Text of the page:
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The sore muscles are exhausting. The unusual activity is exhausting.

This happens to all of us, even if we regularly exercise, in some way or another. For example, every Spring I get out and do a whole bunch of yardwork. It uses unique muscles I haven't used all winter, and I am always sore, achy, and tired (even though I could do a step class, lift weights, and run four miles and not feel achy or tired). Another example is when you do a home improvement project like paint (sore arm, shoulder, back) or refinish wood floors (sore legs, hamstrings, etc). It is exhausting.

But, when your body builds up the endurance and muscle needed to do the exercise, you will not feel so tired. You'll feel great. Energized.

Okay, another example. Before you were exercising, you were still physically moving. Like, you got out of bed and went to work and went to the grocery store and things. Doing those activities didn't exhaust you. In fact, if you compared a day of getting up and doing those activities to a day spent in bed, not moving, you would say that getting up was "energizing". Your body WANTS to move, exercise, thrive... it just needs to get used to it and get acclimated. The exhaustion will fade and you will LOVE how you feel. Just give it time! Pretty soon it will be as much a part of your daily movement as getting out of bed and going to work (or the store)!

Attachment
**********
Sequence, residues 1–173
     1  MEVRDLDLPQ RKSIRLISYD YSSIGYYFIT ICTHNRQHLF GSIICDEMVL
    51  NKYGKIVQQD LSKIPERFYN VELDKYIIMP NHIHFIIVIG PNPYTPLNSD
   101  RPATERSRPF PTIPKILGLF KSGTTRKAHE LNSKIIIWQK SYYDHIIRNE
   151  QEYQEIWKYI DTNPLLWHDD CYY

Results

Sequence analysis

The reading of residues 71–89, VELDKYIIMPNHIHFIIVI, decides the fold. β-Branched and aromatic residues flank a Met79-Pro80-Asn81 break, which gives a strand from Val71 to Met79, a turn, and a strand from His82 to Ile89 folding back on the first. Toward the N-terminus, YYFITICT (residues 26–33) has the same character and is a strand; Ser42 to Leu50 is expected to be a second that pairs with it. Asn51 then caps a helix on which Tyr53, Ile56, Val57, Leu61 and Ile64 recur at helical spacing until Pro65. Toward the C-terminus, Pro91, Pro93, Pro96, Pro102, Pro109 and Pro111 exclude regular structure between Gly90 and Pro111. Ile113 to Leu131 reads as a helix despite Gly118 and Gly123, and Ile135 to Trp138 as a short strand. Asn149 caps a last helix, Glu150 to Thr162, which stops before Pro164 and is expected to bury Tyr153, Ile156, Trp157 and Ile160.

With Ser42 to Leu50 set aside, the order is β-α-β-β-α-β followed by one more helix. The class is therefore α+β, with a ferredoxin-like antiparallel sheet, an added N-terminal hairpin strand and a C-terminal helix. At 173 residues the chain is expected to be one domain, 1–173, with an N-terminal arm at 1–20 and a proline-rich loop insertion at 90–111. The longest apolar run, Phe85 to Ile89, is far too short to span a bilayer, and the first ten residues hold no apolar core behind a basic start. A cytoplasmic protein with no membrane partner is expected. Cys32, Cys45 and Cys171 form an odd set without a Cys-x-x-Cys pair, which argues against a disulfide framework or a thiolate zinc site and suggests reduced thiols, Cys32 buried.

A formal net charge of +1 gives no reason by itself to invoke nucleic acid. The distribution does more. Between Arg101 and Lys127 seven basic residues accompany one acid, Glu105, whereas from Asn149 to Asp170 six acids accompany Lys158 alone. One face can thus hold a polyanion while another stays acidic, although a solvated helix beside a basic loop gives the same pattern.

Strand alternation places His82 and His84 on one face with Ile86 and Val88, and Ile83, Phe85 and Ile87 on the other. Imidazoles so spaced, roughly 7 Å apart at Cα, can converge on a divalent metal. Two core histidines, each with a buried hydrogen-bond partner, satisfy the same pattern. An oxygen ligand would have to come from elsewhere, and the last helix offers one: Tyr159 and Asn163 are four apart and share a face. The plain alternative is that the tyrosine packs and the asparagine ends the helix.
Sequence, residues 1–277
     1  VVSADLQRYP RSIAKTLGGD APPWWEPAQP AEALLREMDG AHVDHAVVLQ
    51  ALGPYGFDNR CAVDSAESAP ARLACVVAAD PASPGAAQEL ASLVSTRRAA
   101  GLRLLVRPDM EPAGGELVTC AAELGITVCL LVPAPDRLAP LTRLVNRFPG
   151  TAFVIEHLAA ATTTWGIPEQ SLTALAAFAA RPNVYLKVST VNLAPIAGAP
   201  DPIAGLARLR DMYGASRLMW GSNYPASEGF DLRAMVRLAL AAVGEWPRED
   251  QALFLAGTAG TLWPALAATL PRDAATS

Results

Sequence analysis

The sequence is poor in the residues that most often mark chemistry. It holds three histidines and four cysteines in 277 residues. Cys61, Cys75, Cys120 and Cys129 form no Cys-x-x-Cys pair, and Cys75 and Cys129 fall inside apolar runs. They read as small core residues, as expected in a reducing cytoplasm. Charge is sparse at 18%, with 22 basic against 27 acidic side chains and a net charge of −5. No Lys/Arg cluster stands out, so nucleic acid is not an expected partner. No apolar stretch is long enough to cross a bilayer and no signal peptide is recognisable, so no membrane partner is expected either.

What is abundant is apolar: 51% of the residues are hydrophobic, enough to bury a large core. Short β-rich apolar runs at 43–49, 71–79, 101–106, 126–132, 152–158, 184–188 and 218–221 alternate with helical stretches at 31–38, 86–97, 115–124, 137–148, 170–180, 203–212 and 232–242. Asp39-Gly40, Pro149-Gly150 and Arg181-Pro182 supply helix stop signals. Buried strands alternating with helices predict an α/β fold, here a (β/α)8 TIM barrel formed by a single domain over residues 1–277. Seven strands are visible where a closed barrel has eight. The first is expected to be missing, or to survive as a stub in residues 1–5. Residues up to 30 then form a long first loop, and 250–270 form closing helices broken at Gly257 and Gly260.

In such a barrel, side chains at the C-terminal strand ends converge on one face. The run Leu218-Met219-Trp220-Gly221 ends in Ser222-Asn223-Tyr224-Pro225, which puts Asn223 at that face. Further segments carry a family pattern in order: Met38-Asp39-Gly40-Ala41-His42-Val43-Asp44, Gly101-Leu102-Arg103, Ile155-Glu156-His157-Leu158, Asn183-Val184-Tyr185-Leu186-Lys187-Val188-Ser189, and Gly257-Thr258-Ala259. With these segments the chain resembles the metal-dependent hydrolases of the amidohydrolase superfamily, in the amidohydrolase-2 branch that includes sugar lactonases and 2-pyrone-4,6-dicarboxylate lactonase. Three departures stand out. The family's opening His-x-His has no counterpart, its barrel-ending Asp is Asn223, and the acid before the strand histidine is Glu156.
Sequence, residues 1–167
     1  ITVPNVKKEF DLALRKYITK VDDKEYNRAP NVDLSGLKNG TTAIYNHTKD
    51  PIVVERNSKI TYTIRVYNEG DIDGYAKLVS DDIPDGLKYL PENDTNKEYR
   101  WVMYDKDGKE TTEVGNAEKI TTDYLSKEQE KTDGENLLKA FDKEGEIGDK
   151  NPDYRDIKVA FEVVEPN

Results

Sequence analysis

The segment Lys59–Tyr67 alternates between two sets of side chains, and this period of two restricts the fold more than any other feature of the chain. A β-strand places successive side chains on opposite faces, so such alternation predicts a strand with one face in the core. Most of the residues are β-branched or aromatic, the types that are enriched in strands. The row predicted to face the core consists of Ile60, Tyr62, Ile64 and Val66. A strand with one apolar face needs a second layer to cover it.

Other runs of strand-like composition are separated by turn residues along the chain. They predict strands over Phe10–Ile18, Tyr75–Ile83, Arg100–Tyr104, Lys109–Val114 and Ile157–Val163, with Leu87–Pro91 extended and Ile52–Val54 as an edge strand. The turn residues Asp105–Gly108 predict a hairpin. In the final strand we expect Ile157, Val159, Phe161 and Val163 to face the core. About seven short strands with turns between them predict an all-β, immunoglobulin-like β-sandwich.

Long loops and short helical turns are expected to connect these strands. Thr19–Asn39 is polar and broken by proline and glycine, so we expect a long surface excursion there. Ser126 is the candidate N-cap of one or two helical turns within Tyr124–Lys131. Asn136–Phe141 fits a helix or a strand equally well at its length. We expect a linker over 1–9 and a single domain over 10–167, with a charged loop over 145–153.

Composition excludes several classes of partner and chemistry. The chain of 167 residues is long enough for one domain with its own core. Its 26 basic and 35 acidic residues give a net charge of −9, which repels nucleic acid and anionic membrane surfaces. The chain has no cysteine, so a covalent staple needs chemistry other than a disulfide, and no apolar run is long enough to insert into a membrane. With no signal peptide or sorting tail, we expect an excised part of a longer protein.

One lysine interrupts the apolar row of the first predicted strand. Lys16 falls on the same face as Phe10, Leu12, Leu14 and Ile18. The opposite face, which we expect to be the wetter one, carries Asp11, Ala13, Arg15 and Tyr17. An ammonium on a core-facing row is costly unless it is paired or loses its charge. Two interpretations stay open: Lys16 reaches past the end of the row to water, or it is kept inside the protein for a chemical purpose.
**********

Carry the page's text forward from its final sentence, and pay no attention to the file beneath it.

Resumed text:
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Old 01-13-2007, 10:36 AM   #11
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Fran's right (hi Fran), its takes about 2-3 weeks before your energy level improves. Your body is just not use to this level of exercise but it will be. I remember feeling just whipped the first few weeks but I knew it was coming as I had been down that road before (in my yo-yo years) so I was prepared for it. I make sure I get the right amount of sleep and I eat every 3-4 hours (making sure my meals all consist of protein, good fats, and carbs). Once your energy level increases you will be off to the races and you will actually find that you will feel less energized if you don't exercise. SlimLindy is also right - your muscles are not use to it yet. Think about all the muscles groups you don't use to do normal functions and when you throw in exercise that works your whole body over your body will retaliate by being sore and achy. Again, it passes.

Keep at it..its worth it.